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Phespirit goes to Armenia
Yerevan     May 2008


Map of Armenia

1 Echmiadzin

Echmiadzin positively aches with holiness. The enforced atheism of Armenia's Soviet decades has been blown away like dust from a gilded chalice. The people are once more free to drink long and deep of the old religion, just as their ancestors had for centuries.

Phespirit visited three locations: Surp Hripsime, Surp Gayane and Mayr Tacher. The latter is the country's foremost cathedral, heart of the living Armenian Apostolic Church, and now also noteworthy as the place where Phespirit attended his first Armenian mass.

The cathedral provided theatre; the churches provide warmth.

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2 Zvartnots

Not much more than a raised circle of resurrected stone columns remains of the magnificent 7th century cathedral at Zvartnots. It is difficult for the first-time visitor to stand inside and visualise how it must have looked all those years ago .....

Phespirit had an advantage however. He had been to the Museum of Armenian History in Yerevan, where a small, detailed replica of the original structure - or the academics' best guess - is provided. It helped him overcome his poverty of imagination and made plain what a unique glory it would have been in its heyday.

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3 Yerevan

For no particularly clear reason, Phespirit felt himself immediately at home in Yerevan. Strange, as he has never been to a city quite like it. The architecture reflects both Sovietisation and post-Soviet modernisation, without borrowing any other country's template.

This is urban Armenia, with traditional Armenian town houses and modern Armenian design sensibilities that co-exist side by side in brick and stone. A lattice of wide avenues is occupied by squares of dwellings that conceal open spaces at their centres. Some are mundane, some are magical.

There is something warming in the eyes and smiles of the people, and as is often the case with countries that have suffered invaders from south, east, west and north, the population has its full share of the beautiful and the handsome. Phespirit did not blend in, but he felt right at home.

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4 Garni

The 1st century Hellenic temple at Garni was originally dedicated to Helios, the Roman god of the sun. Phespirit's presence at the temple coincided with the presence of a local film maker who was attempting to recreate the original shrine's appearance by seating a dismal home-made figure of the god against the back wall .....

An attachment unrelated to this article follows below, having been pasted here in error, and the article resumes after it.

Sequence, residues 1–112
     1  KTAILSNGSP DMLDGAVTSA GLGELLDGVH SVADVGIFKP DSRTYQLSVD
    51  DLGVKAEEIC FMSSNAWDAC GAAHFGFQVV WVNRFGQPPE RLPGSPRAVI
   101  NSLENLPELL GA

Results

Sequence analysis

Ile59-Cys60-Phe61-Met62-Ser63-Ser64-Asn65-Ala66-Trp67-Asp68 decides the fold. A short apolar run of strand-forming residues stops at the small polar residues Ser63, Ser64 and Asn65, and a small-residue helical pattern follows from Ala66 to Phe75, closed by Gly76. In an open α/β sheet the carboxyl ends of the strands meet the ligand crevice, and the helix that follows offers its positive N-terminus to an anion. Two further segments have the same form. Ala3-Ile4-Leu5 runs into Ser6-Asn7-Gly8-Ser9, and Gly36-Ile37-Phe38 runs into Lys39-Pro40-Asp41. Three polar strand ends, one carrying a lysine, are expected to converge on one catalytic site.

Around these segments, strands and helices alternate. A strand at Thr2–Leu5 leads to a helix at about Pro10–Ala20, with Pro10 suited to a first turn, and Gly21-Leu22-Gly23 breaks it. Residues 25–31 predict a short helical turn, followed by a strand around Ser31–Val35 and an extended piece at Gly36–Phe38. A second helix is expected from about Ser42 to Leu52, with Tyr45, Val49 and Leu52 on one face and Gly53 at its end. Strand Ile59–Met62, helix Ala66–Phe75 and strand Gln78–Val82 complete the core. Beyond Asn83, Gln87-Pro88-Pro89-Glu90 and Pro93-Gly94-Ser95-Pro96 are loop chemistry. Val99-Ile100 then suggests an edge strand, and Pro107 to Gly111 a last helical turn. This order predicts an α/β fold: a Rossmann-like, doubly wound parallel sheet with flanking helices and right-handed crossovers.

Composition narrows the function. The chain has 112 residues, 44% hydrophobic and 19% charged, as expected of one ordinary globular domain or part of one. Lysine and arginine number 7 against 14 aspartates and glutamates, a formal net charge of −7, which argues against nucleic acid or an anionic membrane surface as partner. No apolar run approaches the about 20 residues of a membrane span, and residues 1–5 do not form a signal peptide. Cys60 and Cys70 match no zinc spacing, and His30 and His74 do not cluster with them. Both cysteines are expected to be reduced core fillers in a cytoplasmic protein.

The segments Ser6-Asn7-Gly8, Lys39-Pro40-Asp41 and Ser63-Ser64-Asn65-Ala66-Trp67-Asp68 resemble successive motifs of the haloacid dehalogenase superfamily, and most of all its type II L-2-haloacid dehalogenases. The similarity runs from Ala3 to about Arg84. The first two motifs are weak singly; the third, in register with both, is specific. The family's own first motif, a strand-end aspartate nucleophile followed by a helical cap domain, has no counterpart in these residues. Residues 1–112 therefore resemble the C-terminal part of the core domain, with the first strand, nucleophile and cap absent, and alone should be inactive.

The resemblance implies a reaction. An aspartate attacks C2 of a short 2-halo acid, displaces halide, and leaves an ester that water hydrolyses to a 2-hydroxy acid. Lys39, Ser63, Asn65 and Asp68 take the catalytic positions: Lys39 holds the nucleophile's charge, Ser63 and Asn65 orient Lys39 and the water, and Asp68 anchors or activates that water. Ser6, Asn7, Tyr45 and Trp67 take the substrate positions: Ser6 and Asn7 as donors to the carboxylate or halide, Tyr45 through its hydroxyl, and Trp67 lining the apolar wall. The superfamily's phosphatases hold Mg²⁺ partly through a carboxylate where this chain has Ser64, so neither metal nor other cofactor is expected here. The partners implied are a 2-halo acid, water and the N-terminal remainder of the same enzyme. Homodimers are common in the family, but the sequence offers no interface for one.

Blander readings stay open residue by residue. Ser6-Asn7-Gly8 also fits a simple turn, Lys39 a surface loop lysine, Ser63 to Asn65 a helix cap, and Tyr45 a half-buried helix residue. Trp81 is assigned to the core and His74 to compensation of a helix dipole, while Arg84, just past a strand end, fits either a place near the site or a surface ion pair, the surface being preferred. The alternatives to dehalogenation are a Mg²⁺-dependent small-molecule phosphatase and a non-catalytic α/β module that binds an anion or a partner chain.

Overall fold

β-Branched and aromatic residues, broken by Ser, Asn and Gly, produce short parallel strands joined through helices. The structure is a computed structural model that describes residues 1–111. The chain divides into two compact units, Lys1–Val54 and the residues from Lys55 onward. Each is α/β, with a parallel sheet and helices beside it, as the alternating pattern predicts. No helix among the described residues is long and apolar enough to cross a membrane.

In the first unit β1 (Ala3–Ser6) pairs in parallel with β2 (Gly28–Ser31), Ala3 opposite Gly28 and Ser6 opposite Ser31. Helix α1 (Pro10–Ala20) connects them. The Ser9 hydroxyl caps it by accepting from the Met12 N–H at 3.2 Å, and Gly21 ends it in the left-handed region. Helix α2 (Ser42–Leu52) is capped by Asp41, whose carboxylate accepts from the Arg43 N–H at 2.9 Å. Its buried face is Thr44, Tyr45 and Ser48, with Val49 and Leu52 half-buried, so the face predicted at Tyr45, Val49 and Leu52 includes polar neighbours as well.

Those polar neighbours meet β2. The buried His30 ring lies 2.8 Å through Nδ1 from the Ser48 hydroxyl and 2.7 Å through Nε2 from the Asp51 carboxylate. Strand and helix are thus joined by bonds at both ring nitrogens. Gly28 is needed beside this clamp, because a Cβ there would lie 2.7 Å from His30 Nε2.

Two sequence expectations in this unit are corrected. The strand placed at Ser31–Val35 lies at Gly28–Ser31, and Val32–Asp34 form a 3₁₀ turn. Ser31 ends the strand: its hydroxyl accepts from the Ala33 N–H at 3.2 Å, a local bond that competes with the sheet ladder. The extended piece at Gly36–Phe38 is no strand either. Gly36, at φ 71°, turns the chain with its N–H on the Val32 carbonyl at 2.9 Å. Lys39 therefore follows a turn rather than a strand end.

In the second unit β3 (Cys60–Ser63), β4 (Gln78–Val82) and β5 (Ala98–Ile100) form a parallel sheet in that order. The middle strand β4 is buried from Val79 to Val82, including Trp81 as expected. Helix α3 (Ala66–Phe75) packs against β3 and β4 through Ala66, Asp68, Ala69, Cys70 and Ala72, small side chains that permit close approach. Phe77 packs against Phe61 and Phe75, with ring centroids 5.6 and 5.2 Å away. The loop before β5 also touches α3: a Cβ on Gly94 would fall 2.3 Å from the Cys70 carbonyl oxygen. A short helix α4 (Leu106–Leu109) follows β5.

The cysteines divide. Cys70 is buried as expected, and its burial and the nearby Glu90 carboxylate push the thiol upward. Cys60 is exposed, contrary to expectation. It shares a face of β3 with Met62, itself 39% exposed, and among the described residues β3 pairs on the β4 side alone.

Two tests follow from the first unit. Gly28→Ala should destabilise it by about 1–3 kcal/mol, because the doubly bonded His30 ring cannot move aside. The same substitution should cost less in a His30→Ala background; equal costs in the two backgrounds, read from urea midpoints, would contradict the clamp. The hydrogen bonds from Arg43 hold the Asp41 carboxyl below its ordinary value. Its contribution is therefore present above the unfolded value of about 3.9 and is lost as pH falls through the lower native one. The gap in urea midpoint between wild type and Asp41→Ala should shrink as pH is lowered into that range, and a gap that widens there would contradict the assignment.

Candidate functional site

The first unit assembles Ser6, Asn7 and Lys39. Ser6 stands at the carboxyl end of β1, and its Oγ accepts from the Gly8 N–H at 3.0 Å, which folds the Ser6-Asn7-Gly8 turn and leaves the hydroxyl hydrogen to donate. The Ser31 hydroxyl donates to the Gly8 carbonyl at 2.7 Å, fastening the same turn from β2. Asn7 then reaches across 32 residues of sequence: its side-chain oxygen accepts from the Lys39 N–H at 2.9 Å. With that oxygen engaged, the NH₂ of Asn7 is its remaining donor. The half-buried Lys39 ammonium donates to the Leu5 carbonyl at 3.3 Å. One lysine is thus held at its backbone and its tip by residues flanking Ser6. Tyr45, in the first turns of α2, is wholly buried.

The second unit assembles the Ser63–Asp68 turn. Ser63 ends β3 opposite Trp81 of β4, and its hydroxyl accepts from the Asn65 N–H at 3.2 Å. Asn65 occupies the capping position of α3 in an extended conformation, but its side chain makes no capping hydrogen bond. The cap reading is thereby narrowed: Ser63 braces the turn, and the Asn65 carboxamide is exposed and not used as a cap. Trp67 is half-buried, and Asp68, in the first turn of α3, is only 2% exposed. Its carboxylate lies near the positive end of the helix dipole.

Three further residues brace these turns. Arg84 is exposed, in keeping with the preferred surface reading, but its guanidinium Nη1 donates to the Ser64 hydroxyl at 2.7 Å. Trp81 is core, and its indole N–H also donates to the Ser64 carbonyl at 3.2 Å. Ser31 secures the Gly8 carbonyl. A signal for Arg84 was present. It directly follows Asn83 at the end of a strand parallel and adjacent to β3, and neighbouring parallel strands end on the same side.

The mannequin was a poor spectacle but the temple itself, and its divine natural setting, were feasts for the eye.

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5 Geghard

Phespirit missed a trick at Echmiadzin. He attended the morning mass on Sunday but was unable to stay all day, so he sacrificed the chance to visit the Treasury, which opens mid-afternoon. This was a shame as the Treasury contains Surp Geghard - the spear believed to have pierced the side of Christ on the cross.

On its way to Echmiadzin, the spear resided at the monastery to which it would give its name. Geghard monastery, set in a valley 9km east of Garni, is part hewn from rock, part built of stone. It is a fabulously special place and Phespirit loved it. Whilst hoards of Armenian visitors attended their devotions above ground, Phespirit and his guide had the largest rock-cut church to themselves.


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6 Sevanavank

Around Lake Sevan, Phespirit visited the two monastery churches of Sevanavank. Only one church unlocks its doors. Its keeper is a coin collector who has a full set of dollars, and has now turned his attention to U.K. pound coins. He owned two, but wanted to know all the different designs. Via a translator, Phespirit tried to explain the variations, even going so far as to mime the lions passant and rampant of England and Scotland. It was a surreal encounter that pleased Phespirit sufficiently for him to dig out a pound coin at his hotel and arrange for it to be taken back to him. The other church stays closed but has a sign that, amongst other things, says:

Whether by day or by moonlight, the silhouette of two of the monastery's churches perched high on an island, now a peninsula, overlooking Lake Sevan has been a haunting sight for over a thousand years. In addition, Armenian architects of the province of Sunik sited the architectural en- semble of the monastery beautifully to provide its inhabitants with an un- forgettable vista of the distinctive blue waters of the lake for miles around.

Before leaving the lake, Phespirit enjoyed a fish and potato lunch, followed by skimming stones on the distinctive blue waters .....

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  1. Echmiadzin
  2. Zvartnots
  3. Yerevan
  4. Garni
  5. Geghard
  6. Sevanavank
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Echmiadzin Zvartnots Yerevan Garni Geghard Sevanavank